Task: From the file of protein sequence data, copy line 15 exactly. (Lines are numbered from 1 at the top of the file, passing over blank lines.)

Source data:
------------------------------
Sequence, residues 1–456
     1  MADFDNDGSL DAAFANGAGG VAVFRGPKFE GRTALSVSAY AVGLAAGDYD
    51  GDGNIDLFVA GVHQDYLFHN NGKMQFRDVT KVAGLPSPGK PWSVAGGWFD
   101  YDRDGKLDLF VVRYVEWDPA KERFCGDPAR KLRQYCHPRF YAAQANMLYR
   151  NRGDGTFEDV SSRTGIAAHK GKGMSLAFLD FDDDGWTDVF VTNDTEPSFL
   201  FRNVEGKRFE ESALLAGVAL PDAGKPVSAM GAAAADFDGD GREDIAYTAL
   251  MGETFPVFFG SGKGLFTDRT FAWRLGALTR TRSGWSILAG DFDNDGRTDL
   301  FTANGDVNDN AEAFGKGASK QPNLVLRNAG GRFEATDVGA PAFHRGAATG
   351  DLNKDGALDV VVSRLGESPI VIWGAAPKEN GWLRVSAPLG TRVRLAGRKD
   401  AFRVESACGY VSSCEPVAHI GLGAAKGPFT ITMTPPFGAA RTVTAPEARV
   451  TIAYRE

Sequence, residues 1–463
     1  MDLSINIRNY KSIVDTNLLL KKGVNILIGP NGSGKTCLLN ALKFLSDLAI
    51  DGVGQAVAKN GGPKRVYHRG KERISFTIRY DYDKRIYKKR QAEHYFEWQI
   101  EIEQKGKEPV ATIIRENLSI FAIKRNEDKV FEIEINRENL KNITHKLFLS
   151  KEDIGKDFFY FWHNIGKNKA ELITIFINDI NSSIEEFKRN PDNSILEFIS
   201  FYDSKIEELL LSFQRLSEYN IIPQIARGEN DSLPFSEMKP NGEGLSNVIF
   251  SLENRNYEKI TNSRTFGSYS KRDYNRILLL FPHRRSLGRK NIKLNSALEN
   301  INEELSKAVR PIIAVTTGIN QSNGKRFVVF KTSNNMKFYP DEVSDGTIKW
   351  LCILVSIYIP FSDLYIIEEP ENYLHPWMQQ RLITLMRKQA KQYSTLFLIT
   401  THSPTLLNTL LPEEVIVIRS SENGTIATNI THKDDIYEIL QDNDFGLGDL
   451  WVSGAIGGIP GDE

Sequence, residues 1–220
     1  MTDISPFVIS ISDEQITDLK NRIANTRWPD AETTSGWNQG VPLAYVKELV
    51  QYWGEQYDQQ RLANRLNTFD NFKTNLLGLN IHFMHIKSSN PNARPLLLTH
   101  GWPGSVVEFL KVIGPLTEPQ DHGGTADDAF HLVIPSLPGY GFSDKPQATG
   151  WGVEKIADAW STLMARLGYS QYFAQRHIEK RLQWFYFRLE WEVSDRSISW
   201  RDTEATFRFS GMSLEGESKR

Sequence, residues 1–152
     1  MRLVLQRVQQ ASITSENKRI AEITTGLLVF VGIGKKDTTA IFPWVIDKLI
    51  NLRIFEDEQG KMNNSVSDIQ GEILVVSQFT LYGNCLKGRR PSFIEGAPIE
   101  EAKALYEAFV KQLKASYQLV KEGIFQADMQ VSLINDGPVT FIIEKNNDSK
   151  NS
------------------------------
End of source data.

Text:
   101  EIEQKGKEPV ATIIRENLSI FAIKRNEDKV FEIEINRENL KNITHKLFLS